Wagner Group is a private military company comprised of mercenaries. Prigozhin, meanwhile, is a former confidante of Russian President Vladimir Putin. He was nicknamed "Putin's chef" as he owned restaurants that serve the Kremlin. (Related: Russian paramilitary 'Wagner Group' said to have captured Ukrainian salt mines as experts predict war will escalate.)
On Saturday night, June 24, Prigozhin said he ordered his fighters to return to their field bases to "avoid bloodshed," ending the violent standoff that could have plunged Russia into civil war. Despite Putin accusing his former ally of treason, the Wagner chief has been allowed to go into exile in Belarus under a secret deal brokered by Belarusian President Alexander Lukashenko.
According to reports, Putin has not been seen in public since the aborted mutiny. On Sunday, June 25, Russian state television only showed a pre-recorded interview wherein Putin vowed to step up efforts against Kyiv.
Ukrainian President Volodymyr Zelensky said Putin was "very afraid and probably hiding somewhere."
Garry Kasparov, a former world chess champion who has become one of the foremost leaders of the Russian democratic opposition, said Putin had been "humiliated" in the attempted rebellion. "The game ended with Putin's worst humiliation, a run for his life from Moscow when Prigozhin's army was hundreds of miles away," he told CNN. "Many of Putin's top officials ran for cover. A dictator relies on his aura of invincibility."
Sergey Sanovich, Hoover Fellow at the Hoover Institution of Stanford University, who specializes in disinformation and autocracies, said Putin had never looked so weak, adding that needing Belarus's dictator Alexander Lukashenko to negotiate with Prigozhin on his behalf was a sign of how debilitated he was.
The pre-recorded video also included Putin lauding Wagner fighters for making the "right decision" of halting their advance, adding that the armed rebellion "would have been suppressed anyway."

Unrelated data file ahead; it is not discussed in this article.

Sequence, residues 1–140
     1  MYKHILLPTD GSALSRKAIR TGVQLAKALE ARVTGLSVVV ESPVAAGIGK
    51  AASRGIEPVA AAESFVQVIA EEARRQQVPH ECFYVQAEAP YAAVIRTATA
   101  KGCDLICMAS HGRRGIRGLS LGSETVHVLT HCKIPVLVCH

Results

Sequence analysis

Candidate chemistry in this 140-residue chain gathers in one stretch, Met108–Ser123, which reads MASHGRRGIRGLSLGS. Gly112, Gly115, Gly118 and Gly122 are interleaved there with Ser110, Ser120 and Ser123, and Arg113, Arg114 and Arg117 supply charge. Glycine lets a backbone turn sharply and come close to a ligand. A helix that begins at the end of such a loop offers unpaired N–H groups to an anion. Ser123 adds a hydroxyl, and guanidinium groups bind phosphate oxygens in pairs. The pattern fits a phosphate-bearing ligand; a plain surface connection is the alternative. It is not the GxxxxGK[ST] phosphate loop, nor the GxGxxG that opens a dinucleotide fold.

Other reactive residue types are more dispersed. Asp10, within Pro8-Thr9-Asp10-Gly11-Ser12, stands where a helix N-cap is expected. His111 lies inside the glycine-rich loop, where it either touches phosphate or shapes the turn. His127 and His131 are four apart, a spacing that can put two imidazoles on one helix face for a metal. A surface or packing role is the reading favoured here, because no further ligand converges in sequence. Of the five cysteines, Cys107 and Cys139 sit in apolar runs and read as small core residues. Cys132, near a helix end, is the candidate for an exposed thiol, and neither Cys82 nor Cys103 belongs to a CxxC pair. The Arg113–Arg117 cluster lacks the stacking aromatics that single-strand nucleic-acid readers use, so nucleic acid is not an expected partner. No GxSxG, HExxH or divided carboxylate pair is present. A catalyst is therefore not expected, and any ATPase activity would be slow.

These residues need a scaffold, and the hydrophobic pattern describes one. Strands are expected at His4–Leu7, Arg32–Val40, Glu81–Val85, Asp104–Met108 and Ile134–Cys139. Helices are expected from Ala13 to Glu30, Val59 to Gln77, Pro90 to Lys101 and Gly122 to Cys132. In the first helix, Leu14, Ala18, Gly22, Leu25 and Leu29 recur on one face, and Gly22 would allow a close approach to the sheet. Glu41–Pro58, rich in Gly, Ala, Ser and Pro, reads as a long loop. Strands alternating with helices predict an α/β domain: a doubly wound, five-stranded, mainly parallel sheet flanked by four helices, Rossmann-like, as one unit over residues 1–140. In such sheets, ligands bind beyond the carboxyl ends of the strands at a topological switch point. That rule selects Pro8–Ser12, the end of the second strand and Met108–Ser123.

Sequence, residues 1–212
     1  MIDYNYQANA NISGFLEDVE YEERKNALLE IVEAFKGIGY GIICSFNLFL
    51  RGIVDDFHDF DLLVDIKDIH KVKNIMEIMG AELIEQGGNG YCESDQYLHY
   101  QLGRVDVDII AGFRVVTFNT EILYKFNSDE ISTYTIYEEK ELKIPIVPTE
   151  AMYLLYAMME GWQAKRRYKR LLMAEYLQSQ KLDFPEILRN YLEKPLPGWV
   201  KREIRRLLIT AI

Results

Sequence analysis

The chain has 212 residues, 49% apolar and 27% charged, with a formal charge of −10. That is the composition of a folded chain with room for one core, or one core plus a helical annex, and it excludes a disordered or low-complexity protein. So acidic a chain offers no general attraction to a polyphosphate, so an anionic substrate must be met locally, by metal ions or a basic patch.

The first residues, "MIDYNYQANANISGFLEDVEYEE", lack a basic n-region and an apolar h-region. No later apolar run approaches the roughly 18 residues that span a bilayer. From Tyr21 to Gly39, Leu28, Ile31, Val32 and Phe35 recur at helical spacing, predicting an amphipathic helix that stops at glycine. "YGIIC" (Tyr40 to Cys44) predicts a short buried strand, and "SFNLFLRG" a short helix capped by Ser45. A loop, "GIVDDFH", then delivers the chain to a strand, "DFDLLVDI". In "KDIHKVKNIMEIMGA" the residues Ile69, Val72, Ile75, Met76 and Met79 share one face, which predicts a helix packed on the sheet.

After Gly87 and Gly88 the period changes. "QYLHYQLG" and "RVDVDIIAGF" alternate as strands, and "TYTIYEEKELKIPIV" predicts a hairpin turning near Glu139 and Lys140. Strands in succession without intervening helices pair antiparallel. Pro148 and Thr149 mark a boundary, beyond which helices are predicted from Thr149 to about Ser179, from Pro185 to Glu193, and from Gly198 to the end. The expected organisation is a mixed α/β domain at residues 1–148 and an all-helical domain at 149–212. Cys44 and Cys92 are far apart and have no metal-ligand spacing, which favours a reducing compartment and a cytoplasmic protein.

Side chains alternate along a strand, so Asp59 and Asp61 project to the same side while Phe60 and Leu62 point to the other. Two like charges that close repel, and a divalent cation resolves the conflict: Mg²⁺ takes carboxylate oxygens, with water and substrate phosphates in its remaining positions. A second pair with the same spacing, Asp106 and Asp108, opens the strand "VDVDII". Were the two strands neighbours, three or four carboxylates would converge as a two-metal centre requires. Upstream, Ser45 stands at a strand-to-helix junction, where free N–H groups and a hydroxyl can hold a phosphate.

"Those forces would now have the opportunity to sign a contract with Russia's Ministry of Defense or other law enforcement agencies, or to return to your family and friends," he said pointing out that the "protesters" could also opt to go to Belarus. Putin did not mention Prigozhin by name, but he accused the organizers of the rebellion of betraying their country and their people and also betrayed those who were drawn into the crime.
"They lied to them, pushed them to death, under fire, to shoot at their own. It was precisely this outcome, fratricide, that Russia's enemies wanted," he said in the five-minute speech, according to Russian state media TASS.
In a separate audio message, Prigozhin made his own comments, saying that the uprising was only a protest rather than a real attempt to topple the government.
"The purpose of the march was to prevent the destruction of PMC Wagner and to bring to justice those who, through their unprofessional actions, made a huge number of mistakes during the special military operation," Prigozhin said, referring to Russia's invasion of Ukraine.
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Watch the video below where retired Gen. David Petraeus analyzes the conflict between Putin and Prigozhin.
This video is from the NewsClips channel on Brighteon.com.